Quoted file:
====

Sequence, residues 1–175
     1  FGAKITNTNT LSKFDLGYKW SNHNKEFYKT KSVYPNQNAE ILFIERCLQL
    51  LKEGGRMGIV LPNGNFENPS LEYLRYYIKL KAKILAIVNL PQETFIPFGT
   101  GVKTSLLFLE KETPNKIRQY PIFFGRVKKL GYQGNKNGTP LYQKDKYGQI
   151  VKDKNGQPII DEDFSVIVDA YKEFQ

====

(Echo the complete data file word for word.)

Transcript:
Sequence, residues 1–175
     1  FGAKITNTNT LSKFDLGYKW SNHNKEFYKT KSVYPNQNAE ILFIERCLQL
    51  LKEGGRMGIV LPNGNFENPS LEYLRYYIKL KAKILAIVNL PQETFIPFGT
   101  GVKTSLLFLE KETPNKIRQY PIFFGRVKKL GYQGNKNGTP LYQKDKYGQI
   151  VKDKNGQPII DEDFSVIVDA YKEFQ